novel

Review: Eerie “IT” will chill your bones and warm your heart

Director: Andy Muschiettie

Starring: Jaeden Lieberher, Jeremy Ray Taylor, Sophia Lillis, Fin Wolfhard, Chosen Jacobs, Jack Dylan Grazer, Wyatt Oleff, Bill Skarsgard 

Year: 2017

Rating: R

IT is arguably one of Stephen King’s most involved and inscrutable works. The book significantly ties into King’s greater literary universe and explores abstract concepts that aren’t always easy to visualize or interpret, especially if you are unfamiliar with many of the author’s other stories.

That in combination with some of the more– ahem– avant-garde material in the novel might explain the lack of attempts at a big screen adaptation since King first published IT back in 1986.

Thankfully, Director Andy Muschiettie (Mama) and his screenwriters Chase Palmer, Cary Fukunaga, and Gary Dauberman accessibly scale back the more confounding, cosmic elements of King’s terrifying tale to focus in on the coming-of-age story at its core. And why not? It’s the strongest, most relatable aspect of the book and so too of the new film.

Sewer

Bill Skarsgard as IT, aka Pennywise

By now I’m sure you’re at least somewhat familiar with the iconic scene that sets everything into motion. It’s a rainy autumn afternoon in the small, fictional town of Derry, Maine. A young, sickly boy named Bill Denbrough (Jaeden Lieberher) sends his baby brother Georgie (Jackson Robert Scott) outside to play with a nifty paper boat. Almost immediately, the S.S. Georgie (as it’s christened) is swallowed up by a storm drain.

Just then, what should appear from the dark, damp abyss but a jovial, dancing clown (Bill Skarsgard). Calling himself Pennywise and claiming to be a friend, the gleaming anomaly offers Georgie his boat back. Paying no attention to the drool running from the clown’s mouth or the accompanying dead-eyed stare, Georgie reaches into the drain and– well– let’s just say Pennywise ain’t exactly runnin’ a charity here.

Sadly, Georgie is just the latest in a long line of children who’ve recently gone missing in Derry. And things might have stayed that way too. You see, nobody in Derry is too keen on actually investigating these disappearances. None of the adults anyways.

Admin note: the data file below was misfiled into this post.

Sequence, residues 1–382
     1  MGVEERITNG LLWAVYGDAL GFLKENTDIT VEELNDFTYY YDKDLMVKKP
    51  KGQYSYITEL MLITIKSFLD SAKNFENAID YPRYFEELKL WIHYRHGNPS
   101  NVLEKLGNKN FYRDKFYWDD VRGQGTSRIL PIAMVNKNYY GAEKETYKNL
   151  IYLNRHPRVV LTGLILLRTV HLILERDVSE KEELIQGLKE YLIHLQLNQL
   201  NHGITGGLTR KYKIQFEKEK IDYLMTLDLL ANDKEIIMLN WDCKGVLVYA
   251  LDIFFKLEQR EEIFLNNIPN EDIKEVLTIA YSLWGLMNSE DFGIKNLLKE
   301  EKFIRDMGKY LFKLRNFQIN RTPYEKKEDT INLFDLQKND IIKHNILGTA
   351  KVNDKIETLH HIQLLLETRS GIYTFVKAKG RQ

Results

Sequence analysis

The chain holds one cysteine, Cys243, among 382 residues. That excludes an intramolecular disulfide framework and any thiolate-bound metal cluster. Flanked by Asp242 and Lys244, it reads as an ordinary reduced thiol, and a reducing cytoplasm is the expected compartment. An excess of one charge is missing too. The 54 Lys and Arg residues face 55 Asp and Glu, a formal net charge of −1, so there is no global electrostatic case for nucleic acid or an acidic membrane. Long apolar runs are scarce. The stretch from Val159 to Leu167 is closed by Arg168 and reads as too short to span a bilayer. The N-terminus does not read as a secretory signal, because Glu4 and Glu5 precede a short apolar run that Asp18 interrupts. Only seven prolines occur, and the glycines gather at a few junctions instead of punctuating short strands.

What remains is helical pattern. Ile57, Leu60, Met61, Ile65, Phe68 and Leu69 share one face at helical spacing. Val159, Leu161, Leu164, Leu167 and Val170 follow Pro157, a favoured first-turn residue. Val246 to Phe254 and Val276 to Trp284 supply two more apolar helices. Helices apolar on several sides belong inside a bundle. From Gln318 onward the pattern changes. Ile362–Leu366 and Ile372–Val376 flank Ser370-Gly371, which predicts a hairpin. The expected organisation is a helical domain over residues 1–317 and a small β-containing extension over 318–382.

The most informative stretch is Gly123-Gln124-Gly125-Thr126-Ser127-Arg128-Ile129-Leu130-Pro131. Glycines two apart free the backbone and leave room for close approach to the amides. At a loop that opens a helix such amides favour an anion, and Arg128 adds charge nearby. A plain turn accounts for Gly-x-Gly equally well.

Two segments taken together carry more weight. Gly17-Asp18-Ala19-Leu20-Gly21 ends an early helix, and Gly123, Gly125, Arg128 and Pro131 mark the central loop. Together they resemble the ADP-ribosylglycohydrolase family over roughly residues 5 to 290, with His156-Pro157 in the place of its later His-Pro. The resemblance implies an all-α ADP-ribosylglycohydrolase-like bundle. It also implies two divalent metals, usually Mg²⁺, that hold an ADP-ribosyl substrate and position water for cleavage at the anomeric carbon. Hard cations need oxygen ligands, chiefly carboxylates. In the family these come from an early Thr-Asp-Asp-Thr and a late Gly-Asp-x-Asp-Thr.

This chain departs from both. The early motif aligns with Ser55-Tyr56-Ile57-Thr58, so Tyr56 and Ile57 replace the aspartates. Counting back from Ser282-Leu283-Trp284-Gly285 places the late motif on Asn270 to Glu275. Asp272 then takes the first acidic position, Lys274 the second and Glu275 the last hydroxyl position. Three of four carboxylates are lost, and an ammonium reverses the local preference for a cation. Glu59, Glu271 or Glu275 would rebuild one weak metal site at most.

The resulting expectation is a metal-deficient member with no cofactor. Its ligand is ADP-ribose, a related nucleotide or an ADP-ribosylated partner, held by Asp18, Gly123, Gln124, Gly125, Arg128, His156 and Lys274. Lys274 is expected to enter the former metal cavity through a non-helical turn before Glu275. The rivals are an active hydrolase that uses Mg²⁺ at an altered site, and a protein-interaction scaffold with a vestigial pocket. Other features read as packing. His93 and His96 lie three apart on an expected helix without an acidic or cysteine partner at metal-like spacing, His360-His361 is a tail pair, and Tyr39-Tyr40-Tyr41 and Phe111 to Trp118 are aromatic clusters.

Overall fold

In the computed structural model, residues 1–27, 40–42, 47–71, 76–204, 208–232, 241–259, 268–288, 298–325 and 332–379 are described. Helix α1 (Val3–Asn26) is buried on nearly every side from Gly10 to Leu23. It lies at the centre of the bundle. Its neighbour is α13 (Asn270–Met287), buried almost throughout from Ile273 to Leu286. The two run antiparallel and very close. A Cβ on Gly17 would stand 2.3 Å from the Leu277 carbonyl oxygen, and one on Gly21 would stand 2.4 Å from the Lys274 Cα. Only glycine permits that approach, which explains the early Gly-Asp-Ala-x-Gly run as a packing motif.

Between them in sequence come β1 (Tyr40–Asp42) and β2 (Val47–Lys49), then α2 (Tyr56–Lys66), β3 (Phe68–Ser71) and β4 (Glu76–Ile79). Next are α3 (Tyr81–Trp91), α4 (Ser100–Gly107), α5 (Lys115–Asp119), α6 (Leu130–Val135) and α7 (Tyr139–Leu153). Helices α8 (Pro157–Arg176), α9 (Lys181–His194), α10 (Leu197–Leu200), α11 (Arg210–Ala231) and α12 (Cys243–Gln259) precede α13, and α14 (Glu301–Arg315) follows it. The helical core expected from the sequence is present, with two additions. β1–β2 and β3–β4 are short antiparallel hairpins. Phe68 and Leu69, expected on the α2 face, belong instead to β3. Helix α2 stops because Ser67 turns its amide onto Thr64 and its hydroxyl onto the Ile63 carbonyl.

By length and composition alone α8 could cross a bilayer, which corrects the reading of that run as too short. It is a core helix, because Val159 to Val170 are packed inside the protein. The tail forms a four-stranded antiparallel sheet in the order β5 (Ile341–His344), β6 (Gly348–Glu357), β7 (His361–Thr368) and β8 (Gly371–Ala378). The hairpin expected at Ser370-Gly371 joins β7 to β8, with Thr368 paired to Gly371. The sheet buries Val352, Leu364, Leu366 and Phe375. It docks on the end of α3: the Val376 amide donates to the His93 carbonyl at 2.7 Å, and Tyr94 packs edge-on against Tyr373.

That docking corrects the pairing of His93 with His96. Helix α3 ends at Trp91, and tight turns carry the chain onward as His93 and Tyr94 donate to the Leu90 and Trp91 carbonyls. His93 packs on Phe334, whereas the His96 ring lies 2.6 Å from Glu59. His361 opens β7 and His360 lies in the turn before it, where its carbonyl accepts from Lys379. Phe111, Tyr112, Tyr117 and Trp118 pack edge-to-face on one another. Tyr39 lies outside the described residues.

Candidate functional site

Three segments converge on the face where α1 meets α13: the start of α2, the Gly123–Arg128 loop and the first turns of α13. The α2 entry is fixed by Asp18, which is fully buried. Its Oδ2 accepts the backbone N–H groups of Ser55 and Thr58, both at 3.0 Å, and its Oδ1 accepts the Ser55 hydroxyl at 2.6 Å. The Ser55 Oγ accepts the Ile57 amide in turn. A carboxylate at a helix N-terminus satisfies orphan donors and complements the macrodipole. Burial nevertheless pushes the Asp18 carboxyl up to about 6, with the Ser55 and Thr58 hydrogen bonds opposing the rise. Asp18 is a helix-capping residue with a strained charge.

Holding out hope that his younger brother is still alive, Bill employs the aid of his closest friends (they call themselves the Losers Club) to investigate the Barrens, a local tract of muddy land where the nearby river meets the city sewage. Here the Losers hunt for George; instead, they discover they’re the ones being hunted.

IT-Losers

One by one, the Losers have their own traumatizing run-in with Pennywise wherein IT terrorizes them by taking the form of their greatest fears. Among these malicious manifestations are a deformed nun; an oozing leper; and the crispy, headless corpse of a dead child. Though we only catch brief glimpses of them, each shape is vividly repulsing and impossible to un-see. That’s the genius of Muschiettie’s approach.

However, the ultimate success or failure of IT hinges on its casting, which is why I’m enthusiastic to report that Muschiettie and company have positively nailed the casting and all the way around too.

Bill Skarsgard is an impressive follow-up to Tim Curry, who had an iconic turn as Pennywise during the IT miniseries back in 1990. Though his performance isn’t as flamboyant as Curry’s, Skarsgard still captures the whimsical spirit of the child-eating clown.

While you may buy a ticket to see Skarsgard as IT, you will walk away remembering the Losers. Spending time with the central group of kids here is a joy and even though there are seven of them, each is allotted a healthy dose of screen time; not just to explain their individual encounters with Pennywise, but also to explore the deeper (and oftentimes scarier) conflicts in their lives.